We are delighted that Ian Stallings Pied-A-Terre was featured in the premiere issue of Marin At Home magazine in January 2016. Thank you to Zahid Sardar for writing this article and to Aaron Leitz for the beautiful photographs. The full article is available here.
An excerpt from the article is below:
Interior designer Ian Stallings' favorite getaway is none other than his San Francisco home.
BY ZAHID SARDAR • PHOTOGRAPHS BY AARON LEITZ
“I suppose I had no option but to become an interior designer,” Ian Stallings says from his new apartment in San Francisco’s tony Bently Nob Hill, a 1920s Spanish revival high-rise by architect William E. Schirmer.
“When I was in second grade in Wabash, Indiana, my mother, whose parents were antiques dealers, gave me a subscription to Architectural Digest magazine because she thought I just might be interested,” he says.
Barely a decade later, Stallings left for San Francisco to study painting, filmmaking and design, and in 1999 he set off for New York, where, among other things, he was hired as a film production and set assistant to produce commercials for House Beautiful magazine.
“One day as we arrived on location, I immediately recognized Mario Buatta’s home from an AD article I had read,” Stallings says. Excited by the prospect of meeting the rockstar interior designer personally, Stallings, a self-described “expat from the Midwest,” had an epiphany. He wanted to be an interior designer too.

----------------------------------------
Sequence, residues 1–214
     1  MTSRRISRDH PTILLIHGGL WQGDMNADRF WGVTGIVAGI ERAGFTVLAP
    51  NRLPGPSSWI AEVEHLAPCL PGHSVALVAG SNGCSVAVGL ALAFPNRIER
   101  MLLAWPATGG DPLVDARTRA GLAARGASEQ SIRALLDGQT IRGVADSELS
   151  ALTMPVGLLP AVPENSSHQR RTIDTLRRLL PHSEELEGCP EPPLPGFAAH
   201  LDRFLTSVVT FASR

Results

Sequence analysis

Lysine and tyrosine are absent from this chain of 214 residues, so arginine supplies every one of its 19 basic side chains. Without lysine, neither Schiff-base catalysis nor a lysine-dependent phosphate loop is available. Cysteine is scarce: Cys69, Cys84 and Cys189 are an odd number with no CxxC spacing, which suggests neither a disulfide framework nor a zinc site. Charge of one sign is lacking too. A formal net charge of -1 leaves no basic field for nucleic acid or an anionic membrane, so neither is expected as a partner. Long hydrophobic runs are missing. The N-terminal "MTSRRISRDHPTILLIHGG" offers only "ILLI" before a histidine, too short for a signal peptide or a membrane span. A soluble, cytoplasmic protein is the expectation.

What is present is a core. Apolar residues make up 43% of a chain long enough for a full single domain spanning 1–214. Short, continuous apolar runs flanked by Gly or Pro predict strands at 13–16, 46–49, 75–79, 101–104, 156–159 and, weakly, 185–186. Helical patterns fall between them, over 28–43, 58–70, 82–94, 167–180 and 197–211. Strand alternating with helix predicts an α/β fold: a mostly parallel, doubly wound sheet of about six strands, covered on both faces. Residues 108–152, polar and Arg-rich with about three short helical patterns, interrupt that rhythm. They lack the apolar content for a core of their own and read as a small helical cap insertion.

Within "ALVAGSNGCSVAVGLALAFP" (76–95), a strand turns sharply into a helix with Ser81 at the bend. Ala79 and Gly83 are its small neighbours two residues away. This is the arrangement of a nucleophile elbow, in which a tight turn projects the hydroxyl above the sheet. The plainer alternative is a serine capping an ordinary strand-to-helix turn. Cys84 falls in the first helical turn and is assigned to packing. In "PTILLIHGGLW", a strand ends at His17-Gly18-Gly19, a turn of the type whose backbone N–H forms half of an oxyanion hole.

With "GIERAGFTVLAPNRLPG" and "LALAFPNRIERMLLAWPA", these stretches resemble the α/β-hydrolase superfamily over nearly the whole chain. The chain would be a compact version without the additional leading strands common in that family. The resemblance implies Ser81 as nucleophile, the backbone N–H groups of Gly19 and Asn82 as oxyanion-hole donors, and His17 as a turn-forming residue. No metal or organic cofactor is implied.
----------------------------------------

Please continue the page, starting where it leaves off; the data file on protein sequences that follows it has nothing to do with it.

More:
His childhood in Wabash had prepared him well. The tiny town of roughly 11,000 is not only the world’s first electrically lighted city, predating the prototypal electrified White City created for Chicago’s 1893 World’s Fair, it was also the birthplace of Mark Honeywell’s iconic thermostat and the home, since 1911, of Edwin Ford’s indispensible water meter. It was these distinctions in the middle of nowhere, along with the financial largesse of the Honeywell Foundation and later the thriving Ford Meter Box Company, that together gave Stallings’ hometown a world-class $68 million arts center and exposed him to the world of arts and music. The country music star “Crystal Gayle graduated from my high school,” he says proudly.
While most Midwest towns are devoid of variety, in Stallings’ town, life at home was also “like being in a Ralph Lauren ad,” he says. “My mother had impeccable taste that veered between Hollywood glam and preppy looks. Paintings were stacked salon-style up the walls in our home; the fabrics were luxurious and the upholstery fantastic.”
He promptly returned from New York to the Bay Area in 2003 to practice interior design. After short stints at a couple of San Francisco interior design ateliers, he was ready to take on clients in 2008 — just when the economy tanked. He survived with a handful of loyal clients in the city and, since then, has progressed to large projects in Marin, the wine country, New York, London and Shanghai; an apartment at the upscale Yellowstone Club in Montana is among his best work.
Read the full article and slideshow here.